According to the Lebanon Crisis Response Plan (LCRP), implemented by the High Commission for Refugees (HCR) and the Lebanese government to lessen the precariousness of Syrian refugees and Lebanese host communities, “the Syrian refugee crisis in Lebanon is an urban crisis”. This research analyzes the new rationales of internationalization produced by this aid mechanism, on the basis of an ethnography of the fringes of Beirut’s southern suburb. In these social spaces of “cosmopolitan poverty”, home to Syrian and Palestinian refugees, African and Asian migrants and former internally displaced persons, there is a significant sociopolitical framework of Islamic organizations (Hezbollah, Amal, Hamas). The aim of the research is to examine how international intervention is deployed among these populations in difficulty, in what is commonly known as “Hezbollah territory”. How do these new rationales internationalizing aid come into conflict with and/or work along with local realities of religious aids dispensed by Islamic networks? By what process do the actors of international intervention participate, on the micro-local scale, in new dynamics of social differentiation of the populations receiving aid, and on the national scale, in an emergency public policy? Between sharing and disputing, solidarity and competition, hospitality or belonging, the thesis aims to understand how the integration of these urban fringes in international aid programs contributed to the transformation of mechanisms for the legitimation of local political elites.
Displays of UNRWA and NGO and Najdeh saying the opening of their aid programs towards Palestinian refugies from Syria and Lebanese families in Chatila camp.
In Hey Gharbe, children from the nawar community.
The investigation of ground and its various positions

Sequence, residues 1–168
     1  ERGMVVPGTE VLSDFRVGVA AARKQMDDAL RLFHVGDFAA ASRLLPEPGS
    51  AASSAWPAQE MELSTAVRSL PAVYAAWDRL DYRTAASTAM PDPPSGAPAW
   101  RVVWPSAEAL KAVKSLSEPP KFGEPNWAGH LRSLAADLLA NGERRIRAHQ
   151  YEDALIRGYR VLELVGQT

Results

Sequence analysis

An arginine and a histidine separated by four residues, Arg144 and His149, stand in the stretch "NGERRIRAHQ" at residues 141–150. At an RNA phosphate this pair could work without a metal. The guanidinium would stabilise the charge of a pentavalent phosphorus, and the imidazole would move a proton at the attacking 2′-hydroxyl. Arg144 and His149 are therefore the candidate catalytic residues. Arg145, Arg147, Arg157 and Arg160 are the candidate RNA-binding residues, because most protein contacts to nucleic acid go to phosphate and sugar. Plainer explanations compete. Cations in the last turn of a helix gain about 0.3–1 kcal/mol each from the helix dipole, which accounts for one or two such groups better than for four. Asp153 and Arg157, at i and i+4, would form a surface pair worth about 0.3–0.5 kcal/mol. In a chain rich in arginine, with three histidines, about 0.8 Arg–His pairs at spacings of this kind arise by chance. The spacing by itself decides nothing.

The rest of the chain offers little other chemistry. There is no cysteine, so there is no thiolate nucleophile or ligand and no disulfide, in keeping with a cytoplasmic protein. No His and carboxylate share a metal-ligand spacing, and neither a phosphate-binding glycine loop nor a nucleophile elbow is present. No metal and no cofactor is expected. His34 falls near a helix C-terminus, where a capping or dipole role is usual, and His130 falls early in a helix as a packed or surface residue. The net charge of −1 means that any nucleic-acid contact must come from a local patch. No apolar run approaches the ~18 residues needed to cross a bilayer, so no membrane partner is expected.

The double - ethnography led with the actors of the help (institutions, NGO, religious services) and of their recipients mobilizes a relational approach crossing the question of the competition of the informal sovereignties, and that of the interactions the inhabitants. In the camp of Chatila, where I stay punctually at a taken refuge Syrian family, I observe the solidarities and the conflictions of neighborhood, and the circuit of the Islamic charities frequented by the group of seven neighbours. To Hey Gharbe, it is from an experience of voluntary work made in the NGO of the studied district that I lead my observations on the copresence of the Syrian refugees with the inhabitants Dom (gypsy). To Borj Brajneh, I am social workers' team of a governmental center of development in their house calls and their exchanges with the other institutional partners (UNHCR, UNICEF, etc.). On my various sites of survey, I am particularly attentive to the ritualized temporality staging, in a position allying the local to the global, a public located action (Ramadan, international day of the earth, a day of the resistance). The ethnography of their materialities will allow me to explore the way the help circulates through a fitting of social relationships, flow of information, and international funds between the donors, the practitioners of the help and their recipients.